Are soil biota buffered against climatic extremes? An experimental test on testate amoebae in arctic tundra (Qeqertarsuaq, West Greenland)
2009 (English)In: Polar Biology, ISSN 0722-4060, Vol. 32, 453-462 p.Article in journal (Refereed) Published
Climate warming is likely to have pronounced impacts on soil biota in arctic ecosystems. In a warmer climate, heatwaves are more frequent and intense, but it is unclear to what extent soil communities are buffered against this. We studied the effects of an artificially induced heatwave on the structure of testate amoebae communities in dry heath tundra in Qeqertarsuaq (Disko Island, West Greenland) during the summer of 2003. While the heatwave was severe enough to induce significant leaf mortality in the aboveground vegetation, overall testate amoebae abundance did not react to the difference in temperature. However, in the heated plots transient shifts in species populations occurred during the exposure, followed by increases in species richness weeks after the heatwave had ended. The most important taxa appearing after the heating period belonged to bacterivorous genera, in agreement with a transient peak in bacterial colony forming units, caused by the heatwave. Lobose testate amoebae resisted the heating and its associated desiccation better than their filose counterparts.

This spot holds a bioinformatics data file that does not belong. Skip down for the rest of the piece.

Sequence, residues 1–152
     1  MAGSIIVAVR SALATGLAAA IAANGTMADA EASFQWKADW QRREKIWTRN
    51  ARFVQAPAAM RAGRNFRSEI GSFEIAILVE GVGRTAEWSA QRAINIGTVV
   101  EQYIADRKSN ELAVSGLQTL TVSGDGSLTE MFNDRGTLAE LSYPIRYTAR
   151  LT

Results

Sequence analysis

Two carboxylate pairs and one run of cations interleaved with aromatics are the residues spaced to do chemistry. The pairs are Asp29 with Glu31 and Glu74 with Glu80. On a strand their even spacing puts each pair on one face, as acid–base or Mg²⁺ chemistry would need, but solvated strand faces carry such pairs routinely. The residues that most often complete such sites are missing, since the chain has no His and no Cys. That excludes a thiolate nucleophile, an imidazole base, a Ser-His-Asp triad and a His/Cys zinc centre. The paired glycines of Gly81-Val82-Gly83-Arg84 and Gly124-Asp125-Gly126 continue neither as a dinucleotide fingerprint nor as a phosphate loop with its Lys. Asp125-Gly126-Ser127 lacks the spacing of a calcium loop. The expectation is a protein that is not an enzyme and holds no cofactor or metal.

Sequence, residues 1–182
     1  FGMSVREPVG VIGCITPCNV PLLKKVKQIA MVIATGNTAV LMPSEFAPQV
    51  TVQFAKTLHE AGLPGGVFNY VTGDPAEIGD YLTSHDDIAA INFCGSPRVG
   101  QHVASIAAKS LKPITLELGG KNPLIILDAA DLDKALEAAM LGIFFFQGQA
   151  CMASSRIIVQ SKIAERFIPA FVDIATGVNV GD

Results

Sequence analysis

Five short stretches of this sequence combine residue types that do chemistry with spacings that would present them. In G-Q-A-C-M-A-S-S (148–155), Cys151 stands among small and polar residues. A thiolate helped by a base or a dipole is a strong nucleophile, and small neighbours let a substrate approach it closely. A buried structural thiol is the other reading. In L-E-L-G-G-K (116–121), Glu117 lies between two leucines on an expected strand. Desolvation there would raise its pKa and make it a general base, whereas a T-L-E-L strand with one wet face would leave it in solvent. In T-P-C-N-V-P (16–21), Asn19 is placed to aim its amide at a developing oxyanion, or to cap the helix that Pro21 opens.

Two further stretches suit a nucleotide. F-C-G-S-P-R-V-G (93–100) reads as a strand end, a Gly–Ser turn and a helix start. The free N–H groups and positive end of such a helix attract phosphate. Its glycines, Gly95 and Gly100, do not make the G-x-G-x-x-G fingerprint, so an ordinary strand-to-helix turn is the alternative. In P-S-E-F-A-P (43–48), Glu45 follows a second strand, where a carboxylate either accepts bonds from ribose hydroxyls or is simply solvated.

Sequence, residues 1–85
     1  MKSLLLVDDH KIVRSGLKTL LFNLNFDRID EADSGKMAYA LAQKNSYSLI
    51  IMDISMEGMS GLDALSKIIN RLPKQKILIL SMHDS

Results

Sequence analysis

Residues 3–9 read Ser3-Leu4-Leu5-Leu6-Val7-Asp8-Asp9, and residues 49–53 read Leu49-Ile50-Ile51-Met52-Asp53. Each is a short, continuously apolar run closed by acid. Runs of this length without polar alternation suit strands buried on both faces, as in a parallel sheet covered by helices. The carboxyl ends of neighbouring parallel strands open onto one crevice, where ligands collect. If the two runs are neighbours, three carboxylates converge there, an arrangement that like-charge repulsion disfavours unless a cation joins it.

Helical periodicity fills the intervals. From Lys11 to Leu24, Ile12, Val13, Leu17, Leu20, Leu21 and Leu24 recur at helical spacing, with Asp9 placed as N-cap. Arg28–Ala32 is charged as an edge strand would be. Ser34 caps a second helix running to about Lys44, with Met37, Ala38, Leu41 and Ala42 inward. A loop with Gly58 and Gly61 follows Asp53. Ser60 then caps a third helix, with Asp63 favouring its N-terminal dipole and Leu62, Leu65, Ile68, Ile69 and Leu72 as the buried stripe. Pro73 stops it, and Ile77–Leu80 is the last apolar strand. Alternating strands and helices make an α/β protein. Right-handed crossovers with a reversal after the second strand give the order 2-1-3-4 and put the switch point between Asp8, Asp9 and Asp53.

Place, publisher, year, edition, pages
2009. Vol. 32, 453-462 p.
IdentifiersURN: urn:nbn:se:umu:diva-20687DOI: 10.1007/s00300-008-0540-yOAI: oai:DiVA.org:umu-20687DiVA: diva2:209335